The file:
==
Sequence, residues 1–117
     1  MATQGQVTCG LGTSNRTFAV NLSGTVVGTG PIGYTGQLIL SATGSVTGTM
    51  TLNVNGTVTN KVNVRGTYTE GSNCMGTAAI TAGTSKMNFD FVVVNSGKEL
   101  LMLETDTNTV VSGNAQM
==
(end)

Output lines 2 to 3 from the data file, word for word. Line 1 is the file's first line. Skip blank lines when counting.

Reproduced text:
     1  MATQGQVTCG LGTSNRTFAV NLSGTVVGTG PIGYTGQLIL SATGSVTGTM
    51  TLNVNGTVTN KVNVRGTYTE GSNCMGTAAI TAGTSKMNFD FVVVNSGKEL